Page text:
Having made a tea and then bringing it back to the boil (especially after adding milk/etc.) may destroy some of the desirable qualities previously imbued. Masala chai is generally boiled, but would never be made with Earl Grey.

Watery Tea is a drink that often involves water, but this perhaps suggests over dilution or under infusion in some way.
Sour Many people do not enjoy a sour taste, which can accompany rot and is a strange thing to specify when ordering Earl Grey tea. Although lemon juice is often an additive used in the same way (but as a complete alternative) to milk.
Meaty Most teas are plant-based. While meat-based teas such as beef tea do exist they are more generally regarded as either a soup or a medicine, and unlikely to be combined with actual tea. Meaty is also a descriptive term that could be used for robustly flavoured teas, such as an Assam. However, Earl Grey is a light, floral tea, for which this descriptor is unlikely to be appropriate.
Solid Tea is usually drunk as a liquid. It would be strange to ask for solid tea, unless there was a situation where it could be rehydrated later.
Dry Tea is a liquid typically made with water and may have milk. A dry version might be either unmade (e.g. tea leaves in their un-infused form) or freeze-dried back into a dehydrated form.

"Dry" can also be used to describe a "mouth feel" in a variety of drinks or enforced alcohol-free scenarios. For the latter option, it can assume a default serving with an alcoholic component, or an entirely alternate basis for the beverage, which the request needs to be specify it is not. This is one of the five words Picard was seen presented with in the first drawing.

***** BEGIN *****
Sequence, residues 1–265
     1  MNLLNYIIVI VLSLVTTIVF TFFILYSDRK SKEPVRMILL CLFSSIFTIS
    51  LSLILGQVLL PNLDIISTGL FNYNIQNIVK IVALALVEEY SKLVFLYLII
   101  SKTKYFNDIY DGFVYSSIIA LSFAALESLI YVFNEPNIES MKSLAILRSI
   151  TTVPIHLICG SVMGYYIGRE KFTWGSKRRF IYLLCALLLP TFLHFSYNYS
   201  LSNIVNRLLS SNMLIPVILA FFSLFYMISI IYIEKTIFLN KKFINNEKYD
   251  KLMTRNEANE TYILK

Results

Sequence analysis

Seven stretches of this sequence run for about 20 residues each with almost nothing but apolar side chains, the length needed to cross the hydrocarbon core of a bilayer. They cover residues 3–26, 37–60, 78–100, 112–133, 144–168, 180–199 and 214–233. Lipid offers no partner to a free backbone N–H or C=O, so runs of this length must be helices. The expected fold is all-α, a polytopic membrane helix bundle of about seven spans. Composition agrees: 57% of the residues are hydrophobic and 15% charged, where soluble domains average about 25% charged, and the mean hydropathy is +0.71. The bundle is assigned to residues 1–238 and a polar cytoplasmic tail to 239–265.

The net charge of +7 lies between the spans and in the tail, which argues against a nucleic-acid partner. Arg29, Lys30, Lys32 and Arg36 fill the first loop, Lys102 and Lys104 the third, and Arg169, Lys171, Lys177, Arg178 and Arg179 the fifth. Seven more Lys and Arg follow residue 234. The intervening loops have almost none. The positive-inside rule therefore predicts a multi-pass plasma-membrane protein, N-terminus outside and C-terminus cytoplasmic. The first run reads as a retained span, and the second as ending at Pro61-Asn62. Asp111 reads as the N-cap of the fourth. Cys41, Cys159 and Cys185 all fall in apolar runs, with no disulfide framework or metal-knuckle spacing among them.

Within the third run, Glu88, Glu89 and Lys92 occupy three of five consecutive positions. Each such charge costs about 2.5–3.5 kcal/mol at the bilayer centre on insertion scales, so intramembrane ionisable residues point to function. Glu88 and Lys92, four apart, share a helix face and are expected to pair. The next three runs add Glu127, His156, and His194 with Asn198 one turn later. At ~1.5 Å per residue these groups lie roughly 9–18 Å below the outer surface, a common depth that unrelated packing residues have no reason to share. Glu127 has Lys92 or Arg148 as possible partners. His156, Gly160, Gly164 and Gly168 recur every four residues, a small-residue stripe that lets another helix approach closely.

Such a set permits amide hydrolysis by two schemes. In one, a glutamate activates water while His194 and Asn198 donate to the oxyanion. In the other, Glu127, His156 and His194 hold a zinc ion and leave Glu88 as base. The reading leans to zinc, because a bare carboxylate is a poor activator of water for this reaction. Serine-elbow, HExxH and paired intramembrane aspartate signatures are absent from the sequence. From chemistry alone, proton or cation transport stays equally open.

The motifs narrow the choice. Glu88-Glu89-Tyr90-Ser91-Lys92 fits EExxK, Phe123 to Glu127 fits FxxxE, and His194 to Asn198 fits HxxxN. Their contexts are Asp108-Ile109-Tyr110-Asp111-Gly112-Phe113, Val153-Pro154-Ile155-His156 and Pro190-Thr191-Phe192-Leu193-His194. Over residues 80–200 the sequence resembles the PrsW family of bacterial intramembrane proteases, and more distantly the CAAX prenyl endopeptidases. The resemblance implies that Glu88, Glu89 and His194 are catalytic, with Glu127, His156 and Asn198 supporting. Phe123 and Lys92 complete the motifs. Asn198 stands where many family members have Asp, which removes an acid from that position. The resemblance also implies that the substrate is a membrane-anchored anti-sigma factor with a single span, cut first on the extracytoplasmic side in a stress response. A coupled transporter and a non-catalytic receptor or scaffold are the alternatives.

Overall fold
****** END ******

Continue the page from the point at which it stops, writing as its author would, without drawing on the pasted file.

Raw This describes tea that has not been "cooked", so it would just be tea made with room-temperature water. Sun tea is a form of iced tea that can be brewed by placing tea in a large glass container with water and leaving the container in the sun for hours, resulting in a smoother flavor. A replicator could likely produce sun tea at the same speed as hot tea, making it a viable (if somewhat exotic) choice of preparation.
Deep-fried Tea is not usually deep-fried. But you'll probably find someone who has tried it, one way or another.
Sticky Perhaps significantly dehydrated, or thickened with enough of a hydrophilic substance, this would produce something very unlike most teas that would usually be requested. For example, the addition of significant amounts of sugar may lead to a more viscous brew.

This scenario is illustrated to show a clearly messy product that awkwardly sticks to and drips from the replicator as well as Picard.

Grilled Meats and vegetables can be prepared via grilling, as can sandwiches and other foods. However, the grilling process requires that the comestible in question be solid so as not to fall through the grill; beverages are notorious for lacking solidity, and thus are not typically grilled.